If you’ve gone to the effort and expense of tendering be sure to debrief – win or lose – on the outcome. If there is an opportunity for face-to-face debriefing, take it – it’s only fair that large legal consumers who invite tenders offer debriefing and feedback to tenderers, whatever the result.
Use these questions to at your next tender debrief to shed light on your performance and to learn for next time.
- Why did you go to tender?
- How do you identify which firms to invite?
- Where did we rank in the overall evaluation?
- How were selection criteria weighted?
- Were there any surprises?
- Did your views change during the tender process?
- How did various firms compare?
- How important was price?
- How did our pricing benchmark again that which you accepted? And, in what area/s were numbers significantly different?
- What was the relative price position of the successful tenderers in the final outcome?
- In what areas did we do especially well?
- In what areas did our tender fall short?
- How effectively did we address reducing your business risk?
- Was our technology a positive in the evaluation?
- How much did your past experience with us and with each of the alternatives influence your ultimate decision?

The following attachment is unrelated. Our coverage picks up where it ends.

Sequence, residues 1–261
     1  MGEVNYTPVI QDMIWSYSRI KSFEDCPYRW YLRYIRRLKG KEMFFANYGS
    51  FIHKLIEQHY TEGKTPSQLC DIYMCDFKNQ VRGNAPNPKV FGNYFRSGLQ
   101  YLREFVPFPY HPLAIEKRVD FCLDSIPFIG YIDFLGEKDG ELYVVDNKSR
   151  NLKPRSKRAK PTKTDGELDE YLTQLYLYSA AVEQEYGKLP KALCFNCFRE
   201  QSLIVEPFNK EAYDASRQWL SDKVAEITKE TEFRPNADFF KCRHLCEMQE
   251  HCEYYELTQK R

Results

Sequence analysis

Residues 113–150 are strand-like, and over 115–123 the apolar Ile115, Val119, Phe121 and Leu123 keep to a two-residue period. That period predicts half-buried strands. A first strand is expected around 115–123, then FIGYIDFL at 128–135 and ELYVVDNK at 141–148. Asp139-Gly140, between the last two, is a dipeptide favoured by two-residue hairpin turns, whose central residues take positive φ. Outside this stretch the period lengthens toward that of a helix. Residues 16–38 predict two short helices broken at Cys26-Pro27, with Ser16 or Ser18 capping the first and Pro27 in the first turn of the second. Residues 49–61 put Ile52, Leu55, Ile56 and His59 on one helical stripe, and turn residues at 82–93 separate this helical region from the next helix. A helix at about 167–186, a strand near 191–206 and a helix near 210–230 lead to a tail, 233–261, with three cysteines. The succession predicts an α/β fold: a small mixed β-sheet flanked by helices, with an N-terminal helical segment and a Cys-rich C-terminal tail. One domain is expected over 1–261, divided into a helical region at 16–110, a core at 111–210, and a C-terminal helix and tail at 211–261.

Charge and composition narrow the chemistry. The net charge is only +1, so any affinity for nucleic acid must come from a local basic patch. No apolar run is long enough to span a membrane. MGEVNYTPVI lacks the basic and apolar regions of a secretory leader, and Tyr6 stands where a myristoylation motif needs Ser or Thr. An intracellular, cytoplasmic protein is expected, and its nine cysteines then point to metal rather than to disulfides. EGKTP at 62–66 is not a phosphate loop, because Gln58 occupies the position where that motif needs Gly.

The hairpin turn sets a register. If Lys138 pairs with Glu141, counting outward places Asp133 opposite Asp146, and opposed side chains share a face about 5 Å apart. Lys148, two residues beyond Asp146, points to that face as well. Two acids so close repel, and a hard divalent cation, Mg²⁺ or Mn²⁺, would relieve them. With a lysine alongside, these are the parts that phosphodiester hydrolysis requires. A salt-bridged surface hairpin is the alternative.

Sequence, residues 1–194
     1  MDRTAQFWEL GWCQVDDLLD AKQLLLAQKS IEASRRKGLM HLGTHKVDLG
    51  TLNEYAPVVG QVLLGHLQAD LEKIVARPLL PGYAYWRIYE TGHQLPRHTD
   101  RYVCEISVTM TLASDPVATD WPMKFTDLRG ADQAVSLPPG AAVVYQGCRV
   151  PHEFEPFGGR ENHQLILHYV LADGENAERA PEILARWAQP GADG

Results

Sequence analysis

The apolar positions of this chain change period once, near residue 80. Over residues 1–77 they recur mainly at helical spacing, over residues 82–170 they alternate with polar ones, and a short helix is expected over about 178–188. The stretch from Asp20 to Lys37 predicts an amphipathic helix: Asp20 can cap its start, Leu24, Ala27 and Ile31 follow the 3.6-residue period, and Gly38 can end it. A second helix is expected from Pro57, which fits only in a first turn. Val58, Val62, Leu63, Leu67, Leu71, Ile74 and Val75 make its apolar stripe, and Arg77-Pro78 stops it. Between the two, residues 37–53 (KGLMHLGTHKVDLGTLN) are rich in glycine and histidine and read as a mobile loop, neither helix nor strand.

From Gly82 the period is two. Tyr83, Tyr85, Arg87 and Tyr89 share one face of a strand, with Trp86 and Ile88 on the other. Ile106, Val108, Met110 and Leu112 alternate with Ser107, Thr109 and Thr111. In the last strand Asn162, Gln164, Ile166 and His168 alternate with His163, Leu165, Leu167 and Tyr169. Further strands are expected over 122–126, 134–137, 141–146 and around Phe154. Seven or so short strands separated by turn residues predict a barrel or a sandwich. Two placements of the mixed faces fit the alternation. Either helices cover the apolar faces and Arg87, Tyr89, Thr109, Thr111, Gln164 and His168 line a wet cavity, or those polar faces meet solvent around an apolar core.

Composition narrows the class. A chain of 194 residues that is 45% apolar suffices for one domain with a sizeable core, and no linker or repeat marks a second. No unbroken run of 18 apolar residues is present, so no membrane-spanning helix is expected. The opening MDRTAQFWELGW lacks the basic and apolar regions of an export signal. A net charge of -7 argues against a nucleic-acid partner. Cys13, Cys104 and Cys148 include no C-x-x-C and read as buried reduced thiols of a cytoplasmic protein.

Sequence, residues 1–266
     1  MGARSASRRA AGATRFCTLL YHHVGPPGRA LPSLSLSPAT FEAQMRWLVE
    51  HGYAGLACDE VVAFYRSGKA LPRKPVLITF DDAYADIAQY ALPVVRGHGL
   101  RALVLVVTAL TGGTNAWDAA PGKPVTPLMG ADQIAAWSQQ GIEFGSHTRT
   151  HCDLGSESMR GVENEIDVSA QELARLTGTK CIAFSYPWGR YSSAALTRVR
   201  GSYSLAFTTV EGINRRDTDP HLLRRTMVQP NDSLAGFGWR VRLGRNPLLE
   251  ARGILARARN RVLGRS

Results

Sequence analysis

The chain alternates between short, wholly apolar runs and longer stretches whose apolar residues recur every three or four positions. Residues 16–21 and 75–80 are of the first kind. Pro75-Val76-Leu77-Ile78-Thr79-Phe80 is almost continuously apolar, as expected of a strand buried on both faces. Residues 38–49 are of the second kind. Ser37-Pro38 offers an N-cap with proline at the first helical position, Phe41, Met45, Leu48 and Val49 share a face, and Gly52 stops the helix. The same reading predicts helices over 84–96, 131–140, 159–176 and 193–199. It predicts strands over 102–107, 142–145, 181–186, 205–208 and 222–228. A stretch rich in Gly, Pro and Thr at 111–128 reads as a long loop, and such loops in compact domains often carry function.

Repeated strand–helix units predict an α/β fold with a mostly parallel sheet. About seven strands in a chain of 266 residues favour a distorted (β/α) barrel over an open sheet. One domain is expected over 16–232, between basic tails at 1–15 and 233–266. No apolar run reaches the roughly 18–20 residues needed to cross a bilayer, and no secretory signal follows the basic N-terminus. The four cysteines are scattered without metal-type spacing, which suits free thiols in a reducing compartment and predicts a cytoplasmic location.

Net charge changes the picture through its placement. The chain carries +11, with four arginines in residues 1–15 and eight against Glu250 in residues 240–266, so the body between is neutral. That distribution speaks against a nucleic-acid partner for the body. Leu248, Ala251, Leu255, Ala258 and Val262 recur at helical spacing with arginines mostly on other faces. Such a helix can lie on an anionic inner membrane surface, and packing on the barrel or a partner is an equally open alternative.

- How will you know if you made the right decision?
- How will you monitor performance of the winner/s?
- Were any consortium bids (i.e. multiple law firms forming a consortium) credible and seriously entertained by you?
- What separated the winning proposals from the others?
- What value adds were you offered?
- We are committed to the field of practice. What recommendations or suggestions have you for us to position ourselves optimally with others in this sector?
- What do we need to do to be certain to win your business next time round?
Each should be gently but doggedly probed out, in full, ideally without response or discussion, to derive maximum learnings and to inform your future decision making.
If you need help with your next tender debrief, please get in touch.
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Remember, nothing is so complex that it cannot be explained simply Albert Einstein was spot-on when he said “nothing is so complex that it cannot be explained simply”. Tenders, bids, proposals, and informal pitches for business are not times to show how clever and capable you are by using legalese (I’m looking at you lawyers), […]